There’s the paint, the famous Deep Bronze Green (also known as Ascot Green), and beneath that, where sixty years of weather and use have thinned it out like a battered Matchbox car, there’s nothing – no primer, just bare Birmabright, the typical Land Rover alloy of aluminum, magnesium and manganese from Birmingham, where it was produced mainly for aircraft construction during World War II. Unlike other aluminum alloys, such as Duralumin, Birmabright does not harden with age and is particularly resistant to seawater corrosion. The alloy is rather unsuitable for machine fabrication, however, so automotive engineer Maurice Wilks looked at body styles that could be easily cut and formed by hand. Steel was not available, and existing quotas were allocated to established companies that exported abroad. This was the situation when Land Rover launched its first series, based on the chassis of the reliable Willys Jeep, of which there were many cruising around the British countryside at the time.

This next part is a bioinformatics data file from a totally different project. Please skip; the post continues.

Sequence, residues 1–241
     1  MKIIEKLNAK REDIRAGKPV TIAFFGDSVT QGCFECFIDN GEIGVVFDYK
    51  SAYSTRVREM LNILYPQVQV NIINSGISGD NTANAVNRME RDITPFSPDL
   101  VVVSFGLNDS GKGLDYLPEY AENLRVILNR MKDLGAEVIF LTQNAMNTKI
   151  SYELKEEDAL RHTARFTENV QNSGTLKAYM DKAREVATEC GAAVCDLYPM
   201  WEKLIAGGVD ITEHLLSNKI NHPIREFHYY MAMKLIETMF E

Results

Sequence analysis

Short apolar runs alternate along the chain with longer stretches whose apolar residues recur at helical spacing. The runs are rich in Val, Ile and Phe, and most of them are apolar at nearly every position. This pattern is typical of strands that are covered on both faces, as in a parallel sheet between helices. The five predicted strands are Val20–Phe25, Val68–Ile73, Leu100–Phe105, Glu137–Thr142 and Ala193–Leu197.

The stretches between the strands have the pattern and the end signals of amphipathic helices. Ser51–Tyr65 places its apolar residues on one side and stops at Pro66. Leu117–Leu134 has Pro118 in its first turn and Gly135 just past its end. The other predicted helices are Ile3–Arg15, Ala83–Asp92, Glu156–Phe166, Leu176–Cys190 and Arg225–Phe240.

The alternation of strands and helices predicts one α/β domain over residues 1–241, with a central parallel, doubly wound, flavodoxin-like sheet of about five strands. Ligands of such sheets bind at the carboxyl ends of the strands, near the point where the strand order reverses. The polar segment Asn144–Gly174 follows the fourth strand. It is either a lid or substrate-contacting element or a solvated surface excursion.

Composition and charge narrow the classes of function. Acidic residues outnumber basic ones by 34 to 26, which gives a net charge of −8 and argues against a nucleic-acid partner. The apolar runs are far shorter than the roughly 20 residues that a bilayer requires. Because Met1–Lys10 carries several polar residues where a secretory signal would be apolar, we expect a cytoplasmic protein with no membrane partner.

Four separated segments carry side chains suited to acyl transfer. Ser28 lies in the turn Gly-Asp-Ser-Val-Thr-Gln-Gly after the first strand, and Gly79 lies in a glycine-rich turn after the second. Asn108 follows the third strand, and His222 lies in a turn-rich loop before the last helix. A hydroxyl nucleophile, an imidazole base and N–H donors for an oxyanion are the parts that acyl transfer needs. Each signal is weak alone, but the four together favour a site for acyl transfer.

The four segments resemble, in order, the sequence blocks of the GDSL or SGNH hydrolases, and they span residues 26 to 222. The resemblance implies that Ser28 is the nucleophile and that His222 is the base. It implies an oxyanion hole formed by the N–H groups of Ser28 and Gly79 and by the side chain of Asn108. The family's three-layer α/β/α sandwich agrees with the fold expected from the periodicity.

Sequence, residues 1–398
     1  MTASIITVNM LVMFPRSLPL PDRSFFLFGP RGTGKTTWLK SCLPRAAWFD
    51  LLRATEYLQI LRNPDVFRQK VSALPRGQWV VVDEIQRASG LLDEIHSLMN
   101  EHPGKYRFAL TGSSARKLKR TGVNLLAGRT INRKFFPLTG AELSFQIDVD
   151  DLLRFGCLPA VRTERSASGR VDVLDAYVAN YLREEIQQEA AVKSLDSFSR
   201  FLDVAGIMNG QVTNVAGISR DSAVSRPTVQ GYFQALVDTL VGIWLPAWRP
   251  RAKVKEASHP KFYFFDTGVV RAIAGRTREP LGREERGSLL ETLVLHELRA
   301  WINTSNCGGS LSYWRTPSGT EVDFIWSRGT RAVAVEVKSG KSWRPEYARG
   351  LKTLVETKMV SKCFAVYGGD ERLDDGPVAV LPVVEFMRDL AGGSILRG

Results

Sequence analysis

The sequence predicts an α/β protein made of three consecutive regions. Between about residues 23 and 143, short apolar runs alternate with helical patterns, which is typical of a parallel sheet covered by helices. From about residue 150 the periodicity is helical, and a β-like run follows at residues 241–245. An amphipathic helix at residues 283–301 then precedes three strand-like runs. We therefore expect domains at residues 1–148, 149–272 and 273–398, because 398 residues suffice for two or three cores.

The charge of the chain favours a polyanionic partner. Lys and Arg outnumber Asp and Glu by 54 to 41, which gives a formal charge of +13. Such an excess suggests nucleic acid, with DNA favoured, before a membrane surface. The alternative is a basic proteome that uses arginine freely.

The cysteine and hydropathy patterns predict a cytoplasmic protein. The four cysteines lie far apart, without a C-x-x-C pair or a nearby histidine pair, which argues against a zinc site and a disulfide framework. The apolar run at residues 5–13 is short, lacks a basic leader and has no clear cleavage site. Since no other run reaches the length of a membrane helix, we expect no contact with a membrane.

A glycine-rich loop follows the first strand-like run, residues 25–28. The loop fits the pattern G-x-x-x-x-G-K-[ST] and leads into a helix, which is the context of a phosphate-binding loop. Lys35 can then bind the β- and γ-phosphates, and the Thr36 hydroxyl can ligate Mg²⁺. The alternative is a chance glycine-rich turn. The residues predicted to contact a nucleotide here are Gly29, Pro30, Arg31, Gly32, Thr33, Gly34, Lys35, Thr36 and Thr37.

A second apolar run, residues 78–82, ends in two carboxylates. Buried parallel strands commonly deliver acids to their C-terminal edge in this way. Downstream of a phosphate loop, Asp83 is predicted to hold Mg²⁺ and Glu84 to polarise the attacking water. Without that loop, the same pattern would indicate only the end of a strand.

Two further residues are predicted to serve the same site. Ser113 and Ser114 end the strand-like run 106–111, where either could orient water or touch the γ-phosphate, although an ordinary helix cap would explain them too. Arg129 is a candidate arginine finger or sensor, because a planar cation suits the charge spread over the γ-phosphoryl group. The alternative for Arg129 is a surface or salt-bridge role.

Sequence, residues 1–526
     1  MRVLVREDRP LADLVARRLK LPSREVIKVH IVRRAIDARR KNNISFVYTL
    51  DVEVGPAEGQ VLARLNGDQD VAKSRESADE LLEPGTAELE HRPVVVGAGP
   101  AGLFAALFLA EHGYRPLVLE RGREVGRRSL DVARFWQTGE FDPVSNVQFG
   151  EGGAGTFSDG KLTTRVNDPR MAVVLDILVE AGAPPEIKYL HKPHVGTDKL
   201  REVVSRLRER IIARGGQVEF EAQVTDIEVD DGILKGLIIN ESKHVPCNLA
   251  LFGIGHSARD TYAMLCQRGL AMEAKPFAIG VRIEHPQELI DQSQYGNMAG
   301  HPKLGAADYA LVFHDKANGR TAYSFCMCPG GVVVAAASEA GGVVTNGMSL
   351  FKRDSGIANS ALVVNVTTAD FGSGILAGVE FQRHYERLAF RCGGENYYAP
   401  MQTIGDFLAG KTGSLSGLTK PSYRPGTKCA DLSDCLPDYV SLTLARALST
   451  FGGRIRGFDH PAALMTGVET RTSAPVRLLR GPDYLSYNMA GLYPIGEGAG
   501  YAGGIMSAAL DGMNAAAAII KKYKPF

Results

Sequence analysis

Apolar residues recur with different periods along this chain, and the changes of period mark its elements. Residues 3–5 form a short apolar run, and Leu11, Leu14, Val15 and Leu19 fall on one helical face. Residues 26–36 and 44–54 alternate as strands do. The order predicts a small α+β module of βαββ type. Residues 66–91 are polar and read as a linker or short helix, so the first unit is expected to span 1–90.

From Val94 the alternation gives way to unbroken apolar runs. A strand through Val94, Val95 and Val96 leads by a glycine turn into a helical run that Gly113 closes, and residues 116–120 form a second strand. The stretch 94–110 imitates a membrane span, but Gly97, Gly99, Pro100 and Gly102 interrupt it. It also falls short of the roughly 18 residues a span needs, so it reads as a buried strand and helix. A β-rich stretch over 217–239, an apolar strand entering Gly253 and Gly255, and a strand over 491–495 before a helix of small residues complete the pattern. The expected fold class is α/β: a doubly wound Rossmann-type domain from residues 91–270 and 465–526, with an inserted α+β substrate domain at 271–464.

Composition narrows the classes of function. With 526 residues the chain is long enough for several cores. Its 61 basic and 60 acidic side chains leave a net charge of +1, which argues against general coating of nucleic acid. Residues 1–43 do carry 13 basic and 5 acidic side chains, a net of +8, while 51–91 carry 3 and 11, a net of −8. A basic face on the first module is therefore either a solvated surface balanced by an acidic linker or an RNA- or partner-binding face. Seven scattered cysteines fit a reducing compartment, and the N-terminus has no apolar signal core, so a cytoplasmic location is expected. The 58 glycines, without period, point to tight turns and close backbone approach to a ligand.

The 86 model, built starting in 1953, freed itself from the American platform with the now-famous ladder frame, welded together from strips of sheet metal, and a wheelbase extended, as the name implies, to 86 inches. Our model was delivered to Australia in 1955 – CKD, which stands for “completely knocked down”. Good thing Land Rover had a subsidiary in Sydney that assembled all the parts according to factory specifications.